At the UN review of US human rights, the Trump administration gets an earful

The World
Delegates, wearing masks, listen to speeches during the 45th session of the Human Rights Council, at the European UN headquarters in Geneva, Sept. 14, 2020.

As the US finds itself at a crossroads between one president and another, the United Nations is conducting its regular review of where the US stands on human rights. The UN does a Universal Periodic Review every 4 1/2 years with each of its 193 member states.

For the Trump administration, the UPR is a final chance for it to defend its policies — and “America first” attitude — to the global community. And while the Trump administration claims it has made gains in human rights, representatives from evaluating countries listed events which, they said, run counter to that narrative.

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“As we witness a time of unprecedented degradation of human rights by authoritarian governments around the world, it is more important than ever to stand up to defend human rights and fundamental freedoms,” the US ambassador to the UN, Andrew Bremberg, said in his Nov. 9 presentation to the Human Rights Council on behalf of the Trump administration.

He highlighted the steps the Trump administration has taken to protect religious liberty, by creating an International Religious Freedom Alliance, with a joint declaration in support of defending life and protecting the family. Bremberg added that the Trump administration welcomes transparency and constructive criticism.

That’s how the Trump administration would like to be remembered, said JoAnn Kamuf Ward, director of the Human Rights in the US Project at Columbia Law School.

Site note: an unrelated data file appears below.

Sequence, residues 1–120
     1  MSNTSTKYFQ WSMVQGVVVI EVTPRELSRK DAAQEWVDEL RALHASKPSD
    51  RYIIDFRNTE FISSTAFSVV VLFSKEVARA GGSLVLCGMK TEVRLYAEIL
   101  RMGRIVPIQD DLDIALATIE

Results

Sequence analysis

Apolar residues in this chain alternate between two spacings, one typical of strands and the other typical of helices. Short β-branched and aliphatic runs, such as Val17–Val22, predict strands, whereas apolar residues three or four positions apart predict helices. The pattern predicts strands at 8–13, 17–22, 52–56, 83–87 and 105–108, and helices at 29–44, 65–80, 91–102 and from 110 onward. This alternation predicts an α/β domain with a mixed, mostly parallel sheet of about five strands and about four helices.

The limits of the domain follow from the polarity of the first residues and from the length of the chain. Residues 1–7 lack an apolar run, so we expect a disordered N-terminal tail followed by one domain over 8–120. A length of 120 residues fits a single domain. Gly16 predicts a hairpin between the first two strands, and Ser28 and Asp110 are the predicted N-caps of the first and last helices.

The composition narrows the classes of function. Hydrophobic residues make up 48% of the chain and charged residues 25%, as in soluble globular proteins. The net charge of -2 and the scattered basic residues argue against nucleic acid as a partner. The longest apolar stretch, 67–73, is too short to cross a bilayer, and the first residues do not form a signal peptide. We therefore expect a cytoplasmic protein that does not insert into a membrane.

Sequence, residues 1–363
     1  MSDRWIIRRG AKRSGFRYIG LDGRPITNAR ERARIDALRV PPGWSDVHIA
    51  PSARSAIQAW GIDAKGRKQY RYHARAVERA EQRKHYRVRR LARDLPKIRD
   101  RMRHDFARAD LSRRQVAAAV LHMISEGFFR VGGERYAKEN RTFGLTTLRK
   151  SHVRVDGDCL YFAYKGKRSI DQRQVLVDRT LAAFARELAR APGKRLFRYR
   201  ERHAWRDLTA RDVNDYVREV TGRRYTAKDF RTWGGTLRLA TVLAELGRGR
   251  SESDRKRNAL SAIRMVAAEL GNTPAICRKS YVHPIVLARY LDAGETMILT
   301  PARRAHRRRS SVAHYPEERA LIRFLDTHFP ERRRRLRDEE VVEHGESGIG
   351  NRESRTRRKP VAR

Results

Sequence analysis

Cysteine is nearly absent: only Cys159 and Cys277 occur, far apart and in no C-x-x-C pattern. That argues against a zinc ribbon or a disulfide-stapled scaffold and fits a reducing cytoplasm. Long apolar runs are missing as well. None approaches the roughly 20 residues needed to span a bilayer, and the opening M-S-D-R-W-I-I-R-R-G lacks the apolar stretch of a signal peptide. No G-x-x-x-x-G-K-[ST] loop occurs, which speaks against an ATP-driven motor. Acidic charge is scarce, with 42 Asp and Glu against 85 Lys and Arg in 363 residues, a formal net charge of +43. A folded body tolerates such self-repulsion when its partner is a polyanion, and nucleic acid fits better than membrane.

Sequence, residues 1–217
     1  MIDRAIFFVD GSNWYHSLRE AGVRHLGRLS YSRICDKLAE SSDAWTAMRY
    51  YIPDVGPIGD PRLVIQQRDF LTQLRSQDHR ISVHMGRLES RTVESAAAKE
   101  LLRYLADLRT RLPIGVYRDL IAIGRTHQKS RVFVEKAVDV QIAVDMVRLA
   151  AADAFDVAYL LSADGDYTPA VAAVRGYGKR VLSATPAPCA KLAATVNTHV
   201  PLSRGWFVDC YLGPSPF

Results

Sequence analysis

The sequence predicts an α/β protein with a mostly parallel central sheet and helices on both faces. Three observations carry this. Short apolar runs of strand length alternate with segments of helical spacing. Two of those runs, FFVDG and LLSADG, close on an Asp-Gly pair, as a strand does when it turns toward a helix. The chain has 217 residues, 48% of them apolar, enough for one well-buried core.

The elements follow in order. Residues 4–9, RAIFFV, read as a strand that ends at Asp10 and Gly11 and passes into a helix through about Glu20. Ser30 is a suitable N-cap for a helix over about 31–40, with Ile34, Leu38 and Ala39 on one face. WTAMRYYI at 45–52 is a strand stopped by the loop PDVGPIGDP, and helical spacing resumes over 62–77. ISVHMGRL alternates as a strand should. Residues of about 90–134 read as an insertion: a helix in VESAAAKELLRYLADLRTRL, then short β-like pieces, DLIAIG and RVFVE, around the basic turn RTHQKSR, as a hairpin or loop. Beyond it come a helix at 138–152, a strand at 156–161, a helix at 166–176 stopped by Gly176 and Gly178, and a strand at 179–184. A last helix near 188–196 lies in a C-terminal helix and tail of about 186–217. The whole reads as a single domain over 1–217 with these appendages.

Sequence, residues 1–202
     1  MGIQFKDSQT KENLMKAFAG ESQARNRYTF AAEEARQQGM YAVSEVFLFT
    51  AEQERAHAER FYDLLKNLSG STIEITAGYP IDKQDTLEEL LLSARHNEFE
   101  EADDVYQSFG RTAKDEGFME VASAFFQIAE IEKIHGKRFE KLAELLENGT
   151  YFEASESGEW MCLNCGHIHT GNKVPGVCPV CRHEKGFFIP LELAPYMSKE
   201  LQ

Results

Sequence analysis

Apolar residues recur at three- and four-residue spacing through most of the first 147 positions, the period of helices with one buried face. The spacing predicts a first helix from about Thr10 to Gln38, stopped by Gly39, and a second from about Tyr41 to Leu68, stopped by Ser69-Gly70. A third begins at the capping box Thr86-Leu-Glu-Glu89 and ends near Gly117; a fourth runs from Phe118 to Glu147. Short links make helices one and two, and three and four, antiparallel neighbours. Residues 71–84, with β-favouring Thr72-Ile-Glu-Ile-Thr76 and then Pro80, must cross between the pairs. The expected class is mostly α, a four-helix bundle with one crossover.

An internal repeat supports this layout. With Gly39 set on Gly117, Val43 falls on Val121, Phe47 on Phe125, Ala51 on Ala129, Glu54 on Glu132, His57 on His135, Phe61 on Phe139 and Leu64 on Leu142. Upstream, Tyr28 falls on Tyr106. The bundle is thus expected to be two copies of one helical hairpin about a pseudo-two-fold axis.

“There has been this ongoing narrative by Trump that the US remains a global human rights leader, while at the same time, we’ve seen the exact opposite.”

JoAnn Kamuf Ward, Human Rights in the US Project at Columbia Law School

“There has been this ongoing narrative by Trump that the US remains a global human rights leader, while at the same time, we’ve seen the exact opposite,” she said.

This is the US’s third Universal Periodic Review. It’s supposed to be a rare opportunity for member countries to evaluate each other on progress toward the global body’s founding principles of human rights. The result is a set of recommendations by the evaluating countries. And while those recommendations aren't enforced, said Nicoletta Zappile of the Geneva-based group UPR Info, they did a study that shows they are surprisingly effective.

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“Over 50% of UPR recommendations trigger an action following the review,” she said. “Steps are taken to implement those recommendations.”

Representatives from the evaluating countries talked fast during the recent Human Rights Council meeting — they only got a minute each — and often prefaced by saying “with all due respect,” before picking the Trump administration’s narrative apart, listing the many ways the US doesn’t live up to its human rights obligations. Russia mentioned a big one: the Trump administration’s withdrawal from the UN Human Rights Council.